Kurdish terrorist organizations in Syria are not the only ones that Turkey should protect itself from as the Revolutionary People's Liberation Party/Front (DHKP/C) is also active in the area. Greece started to expel terrorists at the Lavrion refugee camp after pressure from the US because of the bombing at the US Embassy in Ankara in January. Turkish intelligence indicated two months ago that the terrorists were making their way to Syria's northern Latakia Governorate. After allegations circulated in the media , four people captured in the operation were in a speedboat that was carrying arms -- two anti-tank weapons, four hand grenades, two guns and a large number of explosive devices and ammunition -- to Turkey from Chios Island, Greece, in late July.
It was also reported that only suicide bombers were sent to Syria while other terrorists remained in Greece, which creates immense danger for Turkey and its border security.
Ercan Çitlioğlu, head of Bahçeşehir University Strategic Research Center, also maintained that terrorist organizations that stand by the Syrian government, such as Lebanon's Shiite group Hezbollah, may carry out an attack aimed at Turkey on the condition of Turkey's participating in an international coalition that enters Syria.
“There is a high possibility of Syria using proxies [to attack Turkey] in the event of Turkey's taking part in the coalition that may intervene in Syria. The attacks that resemble Reyhanlı bombings --remote-controlled bombings -- and large-scale attacks may happen in border cities because infiltrating those cities is easier,” Çitlioğlu noted but called chemical attacks from terrorist groups as a “distant possibility.”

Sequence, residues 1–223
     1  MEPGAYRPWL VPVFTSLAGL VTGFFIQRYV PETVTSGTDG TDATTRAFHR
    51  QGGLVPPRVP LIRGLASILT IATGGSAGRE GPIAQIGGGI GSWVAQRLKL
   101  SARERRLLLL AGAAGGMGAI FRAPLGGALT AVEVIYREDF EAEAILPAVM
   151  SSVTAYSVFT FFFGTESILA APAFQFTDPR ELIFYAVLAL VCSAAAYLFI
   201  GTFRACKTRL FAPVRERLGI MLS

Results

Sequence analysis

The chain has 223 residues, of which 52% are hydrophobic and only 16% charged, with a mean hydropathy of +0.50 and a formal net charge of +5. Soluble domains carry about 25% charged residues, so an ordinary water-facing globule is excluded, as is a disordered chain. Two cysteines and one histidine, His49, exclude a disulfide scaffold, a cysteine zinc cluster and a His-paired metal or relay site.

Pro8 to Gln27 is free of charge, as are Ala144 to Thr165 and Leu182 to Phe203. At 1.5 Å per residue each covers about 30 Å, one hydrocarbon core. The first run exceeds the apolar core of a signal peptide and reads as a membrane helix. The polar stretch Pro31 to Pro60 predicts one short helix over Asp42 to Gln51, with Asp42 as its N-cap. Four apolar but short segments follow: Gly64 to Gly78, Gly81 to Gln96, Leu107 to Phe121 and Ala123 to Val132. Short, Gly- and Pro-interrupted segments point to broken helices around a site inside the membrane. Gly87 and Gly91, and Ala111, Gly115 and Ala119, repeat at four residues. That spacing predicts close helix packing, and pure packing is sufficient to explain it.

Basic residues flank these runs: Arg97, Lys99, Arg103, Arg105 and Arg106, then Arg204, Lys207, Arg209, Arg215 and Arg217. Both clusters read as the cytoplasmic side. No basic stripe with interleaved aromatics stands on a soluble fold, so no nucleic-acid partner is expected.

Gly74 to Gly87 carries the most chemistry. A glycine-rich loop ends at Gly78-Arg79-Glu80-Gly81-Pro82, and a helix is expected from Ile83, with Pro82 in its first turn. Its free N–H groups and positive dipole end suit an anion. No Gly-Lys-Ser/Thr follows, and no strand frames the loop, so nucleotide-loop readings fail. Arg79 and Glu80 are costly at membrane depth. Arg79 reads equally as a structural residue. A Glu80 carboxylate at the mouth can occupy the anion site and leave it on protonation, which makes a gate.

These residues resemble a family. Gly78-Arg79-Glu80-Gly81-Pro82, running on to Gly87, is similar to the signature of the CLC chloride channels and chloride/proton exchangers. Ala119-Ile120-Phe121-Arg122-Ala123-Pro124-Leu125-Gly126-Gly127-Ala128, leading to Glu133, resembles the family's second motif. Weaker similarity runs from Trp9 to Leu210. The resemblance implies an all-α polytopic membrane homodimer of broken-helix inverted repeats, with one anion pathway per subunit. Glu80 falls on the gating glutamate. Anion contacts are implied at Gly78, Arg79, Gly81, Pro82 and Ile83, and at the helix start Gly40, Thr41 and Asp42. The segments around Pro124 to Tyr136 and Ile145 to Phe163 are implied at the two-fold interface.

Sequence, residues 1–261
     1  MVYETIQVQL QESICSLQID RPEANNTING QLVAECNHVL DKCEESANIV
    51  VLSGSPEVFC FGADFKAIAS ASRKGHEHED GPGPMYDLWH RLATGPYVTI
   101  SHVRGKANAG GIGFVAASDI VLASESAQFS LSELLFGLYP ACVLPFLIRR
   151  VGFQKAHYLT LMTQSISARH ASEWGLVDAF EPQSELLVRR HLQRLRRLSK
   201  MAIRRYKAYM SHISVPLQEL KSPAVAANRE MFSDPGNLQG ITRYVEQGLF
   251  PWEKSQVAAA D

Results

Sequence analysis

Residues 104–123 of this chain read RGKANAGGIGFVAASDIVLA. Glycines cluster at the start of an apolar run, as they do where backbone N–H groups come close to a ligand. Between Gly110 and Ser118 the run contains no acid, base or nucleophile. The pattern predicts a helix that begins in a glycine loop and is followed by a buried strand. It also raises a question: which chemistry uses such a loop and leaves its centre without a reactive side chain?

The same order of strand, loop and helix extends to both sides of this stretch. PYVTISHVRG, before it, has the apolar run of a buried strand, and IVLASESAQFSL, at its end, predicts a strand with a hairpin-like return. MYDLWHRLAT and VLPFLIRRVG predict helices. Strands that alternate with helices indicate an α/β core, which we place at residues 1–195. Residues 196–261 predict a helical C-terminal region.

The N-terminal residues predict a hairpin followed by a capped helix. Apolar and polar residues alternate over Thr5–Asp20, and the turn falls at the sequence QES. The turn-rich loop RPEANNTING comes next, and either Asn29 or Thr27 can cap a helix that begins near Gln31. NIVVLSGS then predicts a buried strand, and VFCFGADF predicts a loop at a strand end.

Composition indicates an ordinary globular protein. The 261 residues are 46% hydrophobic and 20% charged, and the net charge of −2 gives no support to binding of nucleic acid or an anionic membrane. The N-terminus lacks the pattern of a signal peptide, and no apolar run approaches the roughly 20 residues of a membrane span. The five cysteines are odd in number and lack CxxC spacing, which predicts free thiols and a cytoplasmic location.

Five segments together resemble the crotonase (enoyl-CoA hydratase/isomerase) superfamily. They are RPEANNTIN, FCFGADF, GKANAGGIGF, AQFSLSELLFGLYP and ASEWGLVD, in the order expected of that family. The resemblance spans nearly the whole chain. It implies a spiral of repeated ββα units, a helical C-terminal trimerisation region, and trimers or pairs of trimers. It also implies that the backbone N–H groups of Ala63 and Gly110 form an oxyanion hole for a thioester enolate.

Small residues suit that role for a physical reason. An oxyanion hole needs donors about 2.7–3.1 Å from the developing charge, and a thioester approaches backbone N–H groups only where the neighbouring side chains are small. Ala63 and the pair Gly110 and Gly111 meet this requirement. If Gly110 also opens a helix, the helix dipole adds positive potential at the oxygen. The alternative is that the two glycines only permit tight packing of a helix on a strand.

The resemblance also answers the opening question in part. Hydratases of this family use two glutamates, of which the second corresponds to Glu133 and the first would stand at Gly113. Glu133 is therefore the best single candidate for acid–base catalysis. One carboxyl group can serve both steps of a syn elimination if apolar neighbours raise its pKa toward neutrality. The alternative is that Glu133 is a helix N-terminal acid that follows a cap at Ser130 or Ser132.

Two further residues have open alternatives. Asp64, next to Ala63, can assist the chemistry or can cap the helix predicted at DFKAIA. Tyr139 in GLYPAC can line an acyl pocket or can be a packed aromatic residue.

Although Çitlioğlu sees a chemical weapons attack from terrorist groups as unlikely, Turkey has strengthened its measures against a possible chemical assault along the Syrian border. After the use of chemicals in Syria, Turkey sent 400 Chemical, Biological, Radiological and Nuclear (CBRN) specialists to Turkey's southern provinces of Hatay, Kilis and Şanlıurfa as a measure to contain any chemical attacks from Syria. According to the information Today's Zaman received, the team deployed necessary technical equipment in those provinces and is screening injured Syrians at Hatay's Cilvegözü border gate to determine whether they have been exposed to any chemical attack.
After the beginning of the Syrian civil war in 2011, Turkey demanded patriot missiles, designed to counter ballistic missiles, cruise missiles and aircraft from NATO to protect its longest border -- 910 kilometers -- with Syria. NATO member countries, the US, Germany and the Netherlands, sent six patriots in total to reinforce Turkey's air defenses and calm its fears of a missile attack, potentially with chemical weapons, from Syria. NATO's early warning missile defense system in Turkey's Malatya province, some 200 kilometers from the Syrian border, became operational at the beginning of 2012.